I remember the phone calls when [senior vice president and provost Jonathan Wickert] asked me to lead the [COVID-19] fall planning executive committee in 2020 and the moving forward coordinating committee in 2021. I had not been in a classroom in a decade or more, I never lived in a dorm room and didn't have a lot of on-campus experience. No one had experience with this kind of thing so I could come in without any biases and just listen to the people who deal with each aspect every day. My role was to listen and work with the people who knew their jobs very well but were in a new and uncertain environment.
You became known for riding your motorcycle to all 99 Iowa counties to visit extension offices. How did that shape how you led extension?
It took about three years to visit them all and get a photo with the bike under every extension sign. My license plate is "JUST JOHN" and the tour was a chance to get out and visit the county offices. My management style throughout my career has been an open-door policy -- but not just here when extension employees come to campus. That tour got me out to see them and listen to them. It helped me learn about our system, and you can't do that sitting behind a desk.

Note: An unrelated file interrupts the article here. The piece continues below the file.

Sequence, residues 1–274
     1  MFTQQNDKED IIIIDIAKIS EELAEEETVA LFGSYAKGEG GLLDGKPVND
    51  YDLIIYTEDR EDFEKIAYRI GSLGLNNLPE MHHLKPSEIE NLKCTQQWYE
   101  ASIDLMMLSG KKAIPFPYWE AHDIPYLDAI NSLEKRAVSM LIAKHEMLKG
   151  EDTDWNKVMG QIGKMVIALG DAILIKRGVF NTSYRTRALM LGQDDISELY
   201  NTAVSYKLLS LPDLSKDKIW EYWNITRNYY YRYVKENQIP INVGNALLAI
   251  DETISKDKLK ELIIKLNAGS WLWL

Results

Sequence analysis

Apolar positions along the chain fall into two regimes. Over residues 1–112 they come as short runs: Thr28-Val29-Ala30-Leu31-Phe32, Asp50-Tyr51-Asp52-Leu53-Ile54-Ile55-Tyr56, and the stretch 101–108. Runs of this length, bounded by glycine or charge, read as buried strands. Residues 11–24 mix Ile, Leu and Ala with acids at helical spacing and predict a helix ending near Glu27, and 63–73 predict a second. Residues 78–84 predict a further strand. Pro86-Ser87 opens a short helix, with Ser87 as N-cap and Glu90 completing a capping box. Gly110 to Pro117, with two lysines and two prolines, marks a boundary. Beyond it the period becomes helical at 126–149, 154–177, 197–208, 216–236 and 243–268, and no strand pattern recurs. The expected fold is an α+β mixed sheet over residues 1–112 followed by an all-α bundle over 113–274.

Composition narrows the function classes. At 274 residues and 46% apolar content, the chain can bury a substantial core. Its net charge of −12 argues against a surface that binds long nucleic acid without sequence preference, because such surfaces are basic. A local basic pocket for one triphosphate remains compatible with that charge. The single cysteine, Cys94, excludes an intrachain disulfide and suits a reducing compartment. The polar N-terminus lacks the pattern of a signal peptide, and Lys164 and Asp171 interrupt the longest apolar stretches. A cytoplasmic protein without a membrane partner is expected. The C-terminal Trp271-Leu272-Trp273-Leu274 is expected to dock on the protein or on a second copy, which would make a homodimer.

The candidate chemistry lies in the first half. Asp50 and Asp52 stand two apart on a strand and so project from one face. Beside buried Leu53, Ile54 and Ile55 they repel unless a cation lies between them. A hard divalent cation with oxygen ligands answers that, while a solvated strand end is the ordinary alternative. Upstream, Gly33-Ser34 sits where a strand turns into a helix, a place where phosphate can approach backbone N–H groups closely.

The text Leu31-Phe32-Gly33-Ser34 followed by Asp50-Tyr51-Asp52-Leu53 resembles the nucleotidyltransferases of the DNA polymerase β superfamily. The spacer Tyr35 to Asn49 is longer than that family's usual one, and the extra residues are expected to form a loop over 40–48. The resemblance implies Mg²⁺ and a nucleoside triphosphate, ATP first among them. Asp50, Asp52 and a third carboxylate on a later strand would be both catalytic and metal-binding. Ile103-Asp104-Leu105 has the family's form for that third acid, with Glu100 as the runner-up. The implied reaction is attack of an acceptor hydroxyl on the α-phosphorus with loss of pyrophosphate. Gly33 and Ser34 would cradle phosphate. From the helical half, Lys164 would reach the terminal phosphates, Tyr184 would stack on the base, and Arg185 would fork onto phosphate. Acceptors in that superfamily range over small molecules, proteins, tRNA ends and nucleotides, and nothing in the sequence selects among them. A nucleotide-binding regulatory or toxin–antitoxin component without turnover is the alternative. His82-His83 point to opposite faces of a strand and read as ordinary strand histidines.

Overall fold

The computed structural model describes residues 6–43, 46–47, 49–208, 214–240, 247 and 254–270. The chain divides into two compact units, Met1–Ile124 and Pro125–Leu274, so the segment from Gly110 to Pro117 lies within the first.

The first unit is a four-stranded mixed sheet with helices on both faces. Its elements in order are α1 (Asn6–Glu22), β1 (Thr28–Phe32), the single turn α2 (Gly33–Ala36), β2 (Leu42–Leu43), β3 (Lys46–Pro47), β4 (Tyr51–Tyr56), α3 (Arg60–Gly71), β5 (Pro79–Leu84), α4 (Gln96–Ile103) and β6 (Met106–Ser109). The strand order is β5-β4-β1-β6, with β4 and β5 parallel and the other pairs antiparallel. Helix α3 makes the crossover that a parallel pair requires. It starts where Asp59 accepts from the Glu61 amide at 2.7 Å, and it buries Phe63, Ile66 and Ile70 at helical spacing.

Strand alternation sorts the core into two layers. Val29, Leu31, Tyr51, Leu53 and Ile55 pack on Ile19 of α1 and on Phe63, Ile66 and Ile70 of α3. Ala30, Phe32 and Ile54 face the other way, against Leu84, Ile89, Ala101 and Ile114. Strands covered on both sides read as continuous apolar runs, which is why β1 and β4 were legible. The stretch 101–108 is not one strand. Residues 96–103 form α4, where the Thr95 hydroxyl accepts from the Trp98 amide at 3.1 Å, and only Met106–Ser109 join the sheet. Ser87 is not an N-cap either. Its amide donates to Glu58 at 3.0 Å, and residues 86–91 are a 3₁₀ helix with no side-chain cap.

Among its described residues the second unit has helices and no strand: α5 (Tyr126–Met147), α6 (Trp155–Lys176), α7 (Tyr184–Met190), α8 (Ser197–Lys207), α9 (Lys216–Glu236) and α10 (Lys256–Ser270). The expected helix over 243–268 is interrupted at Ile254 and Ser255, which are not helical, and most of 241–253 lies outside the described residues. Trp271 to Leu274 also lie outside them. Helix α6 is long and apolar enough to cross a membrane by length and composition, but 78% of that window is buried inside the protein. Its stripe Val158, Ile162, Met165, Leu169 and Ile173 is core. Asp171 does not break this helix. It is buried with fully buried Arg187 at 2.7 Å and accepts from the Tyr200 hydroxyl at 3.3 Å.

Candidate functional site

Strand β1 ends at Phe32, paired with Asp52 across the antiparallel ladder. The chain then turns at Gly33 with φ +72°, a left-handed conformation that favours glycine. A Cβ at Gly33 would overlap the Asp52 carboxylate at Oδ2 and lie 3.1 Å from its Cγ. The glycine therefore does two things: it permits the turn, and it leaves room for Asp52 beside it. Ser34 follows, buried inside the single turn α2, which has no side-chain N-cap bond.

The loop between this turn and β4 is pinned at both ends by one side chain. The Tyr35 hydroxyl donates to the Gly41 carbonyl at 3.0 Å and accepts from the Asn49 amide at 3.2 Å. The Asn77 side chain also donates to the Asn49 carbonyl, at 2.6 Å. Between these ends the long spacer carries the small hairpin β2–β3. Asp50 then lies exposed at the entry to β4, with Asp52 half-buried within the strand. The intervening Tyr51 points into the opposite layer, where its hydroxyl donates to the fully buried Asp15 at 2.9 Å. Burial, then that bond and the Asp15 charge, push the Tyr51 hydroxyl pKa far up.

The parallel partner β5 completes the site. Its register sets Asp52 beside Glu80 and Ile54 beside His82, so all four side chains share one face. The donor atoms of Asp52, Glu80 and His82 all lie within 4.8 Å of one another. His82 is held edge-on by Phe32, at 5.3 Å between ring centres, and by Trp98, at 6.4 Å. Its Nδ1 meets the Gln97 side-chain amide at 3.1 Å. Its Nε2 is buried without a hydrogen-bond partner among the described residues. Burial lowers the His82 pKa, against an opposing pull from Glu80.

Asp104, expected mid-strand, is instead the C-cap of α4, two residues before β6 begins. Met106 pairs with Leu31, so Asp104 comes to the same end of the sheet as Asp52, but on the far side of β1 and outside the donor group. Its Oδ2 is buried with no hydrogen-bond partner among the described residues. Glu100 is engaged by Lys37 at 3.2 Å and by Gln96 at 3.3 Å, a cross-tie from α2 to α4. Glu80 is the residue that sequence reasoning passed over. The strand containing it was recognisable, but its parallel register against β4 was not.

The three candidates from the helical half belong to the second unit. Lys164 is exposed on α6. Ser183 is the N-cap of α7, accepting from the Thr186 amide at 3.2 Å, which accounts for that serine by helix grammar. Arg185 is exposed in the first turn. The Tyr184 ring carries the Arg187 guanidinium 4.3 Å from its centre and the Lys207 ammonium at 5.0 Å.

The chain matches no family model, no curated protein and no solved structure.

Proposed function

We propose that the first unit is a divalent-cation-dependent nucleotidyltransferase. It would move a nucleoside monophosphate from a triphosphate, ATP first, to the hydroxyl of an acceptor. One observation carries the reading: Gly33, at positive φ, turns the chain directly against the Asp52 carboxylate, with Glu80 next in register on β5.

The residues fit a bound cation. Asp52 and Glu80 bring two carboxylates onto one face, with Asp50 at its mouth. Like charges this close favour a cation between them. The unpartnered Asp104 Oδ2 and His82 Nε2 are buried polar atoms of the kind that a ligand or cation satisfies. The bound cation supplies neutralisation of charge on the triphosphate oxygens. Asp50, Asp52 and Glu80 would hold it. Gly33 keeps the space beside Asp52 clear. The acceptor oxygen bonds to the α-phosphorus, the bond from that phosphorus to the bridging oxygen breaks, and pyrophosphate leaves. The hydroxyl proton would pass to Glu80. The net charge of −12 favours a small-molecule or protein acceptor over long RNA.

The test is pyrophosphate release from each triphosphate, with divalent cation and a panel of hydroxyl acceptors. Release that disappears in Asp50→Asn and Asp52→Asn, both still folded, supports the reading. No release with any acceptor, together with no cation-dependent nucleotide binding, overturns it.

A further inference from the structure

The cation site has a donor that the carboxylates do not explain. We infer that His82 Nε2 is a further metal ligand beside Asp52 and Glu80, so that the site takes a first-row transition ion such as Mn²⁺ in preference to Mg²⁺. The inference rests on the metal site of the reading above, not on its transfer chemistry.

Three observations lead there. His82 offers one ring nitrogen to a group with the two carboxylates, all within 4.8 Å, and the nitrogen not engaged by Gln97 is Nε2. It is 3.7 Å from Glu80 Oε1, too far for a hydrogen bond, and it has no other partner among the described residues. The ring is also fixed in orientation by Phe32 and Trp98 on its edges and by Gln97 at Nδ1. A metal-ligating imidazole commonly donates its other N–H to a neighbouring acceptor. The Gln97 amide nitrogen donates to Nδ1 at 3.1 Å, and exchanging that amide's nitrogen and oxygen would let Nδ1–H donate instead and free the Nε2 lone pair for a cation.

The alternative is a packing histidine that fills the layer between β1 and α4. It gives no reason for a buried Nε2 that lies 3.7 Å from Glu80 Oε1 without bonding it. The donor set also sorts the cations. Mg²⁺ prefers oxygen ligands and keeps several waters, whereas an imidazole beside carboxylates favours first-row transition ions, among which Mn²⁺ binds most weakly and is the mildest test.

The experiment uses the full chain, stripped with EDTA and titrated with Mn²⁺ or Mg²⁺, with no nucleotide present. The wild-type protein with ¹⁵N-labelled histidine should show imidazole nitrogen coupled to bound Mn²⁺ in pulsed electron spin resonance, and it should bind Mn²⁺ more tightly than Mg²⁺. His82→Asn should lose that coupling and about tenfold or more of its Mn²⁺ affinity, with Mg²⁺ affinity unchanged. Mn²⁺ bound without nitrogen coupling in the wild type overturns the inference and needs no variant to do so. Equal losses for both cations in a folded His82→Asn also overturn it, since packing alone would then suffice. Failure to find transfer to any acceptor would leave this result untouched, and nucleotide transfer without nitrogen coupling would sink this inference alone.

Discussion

You still have responsibilities at ISU, but what will you do away from campus?
(My wife) Kathy and I will do some more motorcycle riding and travel. We have a farm in southwest Iowa that we're building a cabin on near Tabor. We are converting a shed into a cabin and doing all the work ourselves. I'm looking forward to doing more things on the farm.
With Scantron Bubble Sheets sunsetting after the summer session, the Center for Excellence in Learning and Teaching (CELT) has created several resources and is hosting learning opportunities for instructors to experience Gradescope, a Canvas-integrated assessment feedback platform that includes automated bubble sheet scoring.
CELT will host a virtual Gradescope user panel on April 4 (11 a.m.-noon).